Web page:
Egypt's parliament provisionally approved on Monday a government-drafted law on regulating bidding procedures.
Following a long debate, MPs and Minister of Finance Mohamed Maeet decided to change the name of the legislation to "the Law on Regulating Public Contracts."
At the beginning of the debate in a plenary sitting on Monday morning, parliament speaker Ali Abdel-Aal said that "the law aims to secure transparency in the area of public spending and contracts."
"As a matter of fact, the Ministry of Finance, in collaboration with parliament's budget and planning committee, did their best to ensure that the law conforms as much as possible with the UN's legislative guidelines on bidding procedures," Abdel-Aal said.
"I have high hopes that this law will solidify the pillars of transparency in government circles, fight corruption, and reinforce supervision of public funds," said Abdel-Aal.
Hussein Eissa, the head of parliament's budget and planning committee, said that "the 102-article law aims to implement Article 27 of Egypt's constitution, which stipulates that the country's economic system should be governed under the criterion of transparency, competition and high productivity."
Eissa said that the law has become a necessity, "as the more the economy is marked with transparency, the more the country becomes an investment friendly economy."
"This is what the World Bank said, and so we hope that this law will help Egypt's standing on the International Transparency index and boost the influx of foreign investments in the country," Eissa said.
Eissa also argued that the implementation of the existing law on bidding procedures – issued in 1998 – did not lead to stemming the tide of graft and abuse of public money in government circles.
"A period of 20 years also made it a necessity to issue a new law that helps achieve the principles of transparency and competition," said Eissa.
Eissa explained that the law will govern all the state's administrative units, local councils, ministries, service and economic authorities and public funds.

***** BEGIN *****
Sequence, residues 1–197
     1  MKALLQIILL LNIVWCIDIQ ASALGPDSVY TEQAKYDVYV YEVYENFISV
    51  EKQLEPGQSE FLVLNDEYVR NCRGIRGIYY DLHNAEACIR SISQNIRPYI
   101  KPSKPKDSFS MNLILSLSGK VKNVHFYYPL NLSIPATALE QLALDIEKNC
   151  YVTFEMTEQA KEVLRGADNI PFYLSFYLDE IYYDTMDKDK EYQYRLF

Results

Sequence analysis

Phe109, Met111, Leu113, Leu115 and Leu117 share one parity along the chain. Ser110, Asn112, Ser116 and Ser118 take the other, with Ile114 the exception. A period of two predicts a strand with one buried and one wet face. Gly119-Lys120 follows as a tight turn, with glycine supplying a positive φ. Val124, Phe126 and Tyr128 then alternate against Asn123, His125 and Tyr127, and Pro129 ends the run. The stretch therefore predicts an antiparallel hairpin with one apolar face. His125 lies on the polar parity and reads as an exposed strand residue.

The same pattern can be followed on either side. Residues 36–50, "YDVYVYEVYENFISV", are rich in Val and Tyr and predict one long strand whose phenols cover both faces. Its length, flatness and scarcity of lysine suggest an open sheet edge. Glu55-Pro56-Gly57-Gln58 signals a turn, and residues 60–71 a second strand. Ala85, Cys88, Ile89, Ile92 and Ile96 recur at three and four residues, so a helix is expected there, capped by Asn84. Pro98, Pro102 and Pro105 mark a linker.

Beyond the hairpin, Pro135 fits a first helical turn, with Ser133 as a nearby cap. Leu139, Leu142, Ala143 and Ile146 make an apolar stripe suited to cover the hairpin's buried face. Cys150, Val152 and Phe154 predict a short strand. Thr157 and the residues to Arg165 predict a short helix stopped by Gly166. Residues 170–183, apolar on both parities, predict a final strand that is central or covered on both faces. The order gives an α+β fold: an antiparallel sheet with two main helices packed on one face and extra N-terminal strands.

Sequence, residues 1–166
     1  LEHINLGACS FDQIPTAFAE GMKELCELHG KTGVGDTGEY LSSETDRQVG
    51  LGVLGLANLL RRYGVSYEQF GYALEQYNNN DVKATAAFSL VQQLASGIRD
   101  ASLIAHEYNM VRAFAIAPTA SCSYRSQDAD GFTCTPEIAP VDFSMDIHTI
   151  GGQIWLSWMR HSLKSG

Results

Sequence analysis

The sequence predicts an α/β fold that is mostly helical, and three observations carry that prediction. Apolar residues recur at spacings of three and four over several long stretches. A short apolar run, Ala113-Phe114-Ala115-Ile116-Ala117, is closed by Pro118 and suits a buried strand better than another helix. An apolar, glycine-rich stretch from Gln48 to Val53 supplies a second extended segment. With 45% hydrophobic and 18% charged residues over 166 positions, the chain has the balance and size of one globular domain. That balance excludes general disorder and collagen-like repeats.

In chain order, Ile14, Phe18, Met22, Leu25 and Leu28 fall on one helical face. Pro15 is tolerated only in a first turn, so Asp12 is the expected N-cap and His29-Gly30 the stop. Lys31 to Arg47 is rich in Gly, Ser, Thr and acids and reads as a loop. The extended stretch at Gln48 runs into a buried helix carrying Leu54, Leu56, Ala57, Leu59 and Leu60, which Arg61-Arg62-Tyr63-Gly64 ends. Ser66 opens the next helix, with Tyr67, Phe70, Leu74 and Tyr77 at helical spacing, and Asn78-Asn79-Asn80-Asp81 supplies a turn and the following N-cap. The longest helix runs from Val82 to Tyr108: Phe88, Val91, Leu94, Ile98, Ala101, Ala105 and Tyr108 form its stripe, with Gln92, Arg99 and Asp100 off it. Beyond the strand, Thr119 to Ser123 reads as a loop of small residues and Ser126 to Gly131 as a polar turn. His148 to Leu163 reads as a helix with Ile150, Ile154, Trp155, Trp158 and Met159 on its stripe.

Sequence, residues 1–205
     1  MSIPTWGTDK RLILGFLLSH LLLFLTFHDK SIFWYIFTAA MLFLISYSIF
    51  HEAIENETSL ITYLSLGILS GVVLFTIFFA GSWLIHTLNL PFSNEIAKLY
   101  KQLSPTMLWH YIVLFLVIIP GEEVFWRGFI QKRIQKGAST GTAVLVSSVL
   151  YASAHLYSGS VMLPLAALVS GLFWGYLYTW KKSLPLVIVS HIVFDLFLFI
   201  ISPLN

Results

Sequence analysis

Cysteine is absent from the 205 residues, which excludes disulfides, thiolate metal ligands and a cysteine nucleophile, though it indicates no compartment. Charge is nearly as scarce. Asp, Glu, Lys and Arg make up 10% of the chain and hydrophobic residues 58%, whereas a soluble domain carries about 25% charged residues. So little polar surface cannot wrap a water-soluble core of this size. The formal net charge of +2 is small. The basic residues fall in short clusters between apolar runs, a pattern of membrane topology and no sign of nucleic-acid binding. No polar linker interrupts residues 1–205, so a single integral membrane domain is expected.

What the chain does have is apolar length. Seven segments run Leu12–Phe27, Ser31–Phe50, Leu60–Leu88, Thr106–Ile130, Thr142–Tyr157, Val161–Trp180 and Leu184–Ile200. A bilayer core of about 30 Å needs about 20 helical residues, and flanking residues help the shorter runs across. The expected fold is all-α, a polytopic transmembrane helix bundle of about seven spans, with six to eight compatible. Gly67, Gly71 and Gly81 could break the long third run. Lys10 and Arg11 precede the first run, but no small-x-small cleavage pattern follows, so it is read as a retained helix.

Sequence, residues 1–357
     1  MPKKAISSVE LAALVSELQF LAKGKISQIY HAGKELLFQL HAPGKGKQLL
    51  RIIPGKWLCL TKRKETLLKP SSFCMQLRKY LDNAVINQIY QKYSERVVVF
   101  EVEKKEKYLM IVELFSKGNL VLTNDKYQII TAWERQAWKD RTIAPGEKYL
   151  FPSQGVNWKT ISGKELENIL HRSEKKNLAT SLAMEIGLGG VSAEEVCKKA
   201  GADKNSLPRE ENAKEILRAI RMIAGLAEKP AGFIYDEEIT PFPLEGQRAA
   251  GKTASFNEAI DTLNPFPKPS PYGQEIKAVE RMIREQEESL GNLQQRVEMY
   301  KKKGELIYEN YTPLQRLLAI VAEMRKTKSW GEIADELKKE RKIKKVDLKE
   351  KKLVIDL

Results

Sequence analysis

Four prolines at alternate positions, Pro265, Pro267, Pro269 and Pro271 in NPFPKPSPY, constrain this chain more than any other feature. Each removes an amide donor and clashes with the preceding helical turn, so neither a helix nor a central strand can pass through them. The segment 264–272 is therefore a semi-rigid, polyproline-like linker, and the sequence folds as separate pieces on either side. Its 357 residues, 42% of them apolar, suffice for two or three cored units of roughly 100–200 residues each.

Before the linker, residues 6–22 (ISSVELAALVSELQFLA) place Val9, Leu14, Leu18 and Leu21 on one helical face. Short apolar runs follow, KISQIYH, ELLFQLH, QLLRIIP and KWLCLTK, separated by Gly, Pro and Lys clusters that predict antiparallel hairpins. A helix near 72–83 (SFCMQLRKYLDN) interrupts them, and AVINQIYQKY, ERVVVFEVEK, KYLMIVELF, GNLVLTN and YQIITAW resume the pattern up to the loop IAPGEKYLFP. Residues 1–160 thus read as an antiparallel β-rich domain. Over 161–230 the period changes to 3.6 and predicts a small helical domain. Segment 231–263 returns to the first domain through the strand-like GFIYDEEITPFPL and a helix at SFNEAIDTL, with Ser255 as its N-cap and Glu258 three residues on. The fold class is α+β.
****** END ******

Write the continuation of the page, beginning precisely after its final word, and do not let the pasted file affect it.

Minister of Finance Mohamed Maeet said the draft law regulating bidding procedures was highly welcomed in foreign circles.
"This law has received praise from World Bank officials, and so it is a progressive step towards fighting corruption, reinforcing transparency and creating a more investment friendly climate," Maeet said, explaining that "the law imposes tight control on all buying and selling operations in government circles to ensure that public money is spent in a disciplined way and free from any corruption or graft practices."
However, Maeet insisted that "in order for the law to be effective and fruitful, all government authorities will be obliged to go in line with its articles and procedures."
"This is a big challenge, but we have decided to face it because the existing law – issued 20 years ago – has no longer become viable and is by no means adequate to [fight] corruption," said Maeet.
Parliament speaker Ali Abdel-Aal decided to refer the law back to the budget and planning committee to rewrite some of its articles – particularly Article 1.
"This article is the most important one, and I hope it will be redrafted so that we can discuss it next week and before parliament adjourns for summer recess," said Abdel-Aal, indicating that "Article 1, which explains in detail the objectives of the law, could overlap with two other laws on investment and partnership with the private sector."